Putting together an annual report is challenging at the best of times. Doing it against a background of changing guidance is doubly so – especially when the timing of that guidance is less than ideal.

In a nutshell, we have two new initiatives to consider: a Government green paper on corporate governance; and a new consultation on changes to the strategic report by the Financial Reporting Council (FRC).

The first thing to say about the FRC consultation is that the timing is poor – and that’s being kind. The consultation period doesn’t finish until the end of October 2017 and the guidance update is not due until the first half of 2018. This really isn’t much help to December year-end content generators who will face a last minute scramble to comply, once the guidance has been finalised.

That aside, we welcome the process, which should ensure that a report considers the company’s wider impact on society – in particular through increased focus on resources and relationships, in line with our own and the IIRC’s push for greater disclosure around these issues.  

Three other key points to note from the FRC work: the guidance is non-mandatory but aims to encourage best practice; there’s no need to create a separate non-financial statement; and the requirement to be concise has been amended to read ‘concise yet comprehensive’. This latter change is small yet significant – some reporters seem to have taken more concise to mean less content.

The Government’s green paper on Corporate Governance Reform has already made the headlines, largely due to its proposals on executive pay. The key changes here include reporting the pay ratio between the CEO and the average employee and bringing greater clarity to remuneration policies, particularly complex, share-based incentive schemes. The green paper also highlights the need to strengthen the employee, customer and supplier voice, and includes a requirement to explain how directors have complied with Section 172 of the Companies Act, with regard to the interests of employees and others. Both the executive pay and Section 172 requirements will be supported by secondary legislation.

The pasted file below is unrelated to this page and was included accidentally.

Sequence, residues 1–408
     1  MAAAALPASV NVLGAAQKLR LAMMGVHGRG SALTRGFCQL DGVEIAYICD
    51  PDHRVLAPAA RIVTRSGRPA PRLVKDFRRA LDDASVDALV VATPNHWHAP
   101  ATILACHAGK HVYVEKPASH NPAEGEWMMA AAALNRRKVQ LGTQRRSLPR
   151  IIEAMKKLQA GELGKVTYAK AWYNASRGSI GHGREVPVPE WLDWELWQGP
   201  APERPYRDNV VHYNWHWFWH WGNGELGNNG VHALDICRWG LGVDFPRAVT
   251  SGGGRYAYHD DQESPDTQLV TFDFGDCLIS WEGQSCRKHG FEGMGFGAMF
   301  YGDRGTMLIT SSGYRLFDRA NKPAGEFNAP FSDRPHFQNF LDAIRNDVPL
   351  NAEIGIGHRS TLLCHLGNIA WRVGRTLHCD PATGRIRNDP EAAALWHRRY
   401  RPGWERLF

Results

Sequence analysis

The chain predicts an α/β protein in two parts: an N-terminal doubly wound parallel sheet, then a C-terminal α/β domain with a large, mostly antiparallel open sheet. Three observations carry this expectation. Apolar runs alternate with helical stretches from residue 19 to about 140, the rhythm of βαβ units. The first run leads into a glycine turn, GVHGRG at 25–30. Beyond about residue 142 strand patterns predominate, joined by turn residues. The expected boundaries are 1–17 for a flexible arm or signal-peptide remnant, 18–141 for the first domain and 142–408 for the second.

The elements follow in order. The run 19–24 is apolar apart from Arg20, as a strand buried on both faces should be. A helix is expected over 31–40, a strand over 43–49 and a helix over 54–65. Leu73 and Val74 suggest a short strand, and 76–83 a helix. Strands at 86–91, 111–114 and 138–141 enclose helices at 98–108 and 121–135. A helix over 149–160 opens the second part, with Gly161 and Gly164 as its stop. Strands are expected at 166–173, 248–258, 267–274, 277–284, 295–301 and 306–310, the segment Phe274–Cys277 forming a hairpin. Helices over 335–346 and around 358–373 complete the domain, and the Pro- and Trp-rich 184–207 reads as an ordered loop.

In addition, the green paper includes a recommendation that the FRC should consult on the development of a new Code principle which could extend to companies being required to adopt, on a ‘comply or explain’ basis, formal employee engagement mechanisms. Finally, there are plans to introduce secondary legislation that will require large privately-held businesses to disclose governance arrangements in the Directors’ Report.

 

So the reporting landscape shifts yet again. Our view is that this is for the better, especially the renewed emphasis on providing a wider discussion of performance beyond financial return. Of course, much of this will cover familiar ground for the UK’s most accomplished reporters – but what a shame that the timing of the FRC consultation couldn’t have been as sensible as the thinking behind it.